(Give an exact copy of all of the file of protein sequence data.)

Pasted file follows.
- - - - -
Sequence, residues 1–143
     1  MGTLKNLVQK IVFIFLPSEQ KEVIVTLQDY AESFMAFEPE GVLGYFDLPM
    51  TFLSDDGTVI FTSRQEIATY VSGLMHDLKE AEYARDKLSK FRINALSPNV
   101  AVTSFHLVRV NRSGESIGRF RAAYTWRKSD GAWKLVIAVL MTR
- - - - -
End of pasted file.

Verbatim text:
Sequence, residues 1–143
     1  MGTLKNLVQK IVFIFLPSEQ KEVIVTLQDY AESFMAFEPE GVLGYFDLPM
    51  TFLSDDGTVI FTSRQEIATY VSGLMHDLKE AEYARDKLSK FRINALSPNV
   101  AVTSFHLVRV NRSGESIGRF RAAYTWRKSD GAWKLVIAVL MTR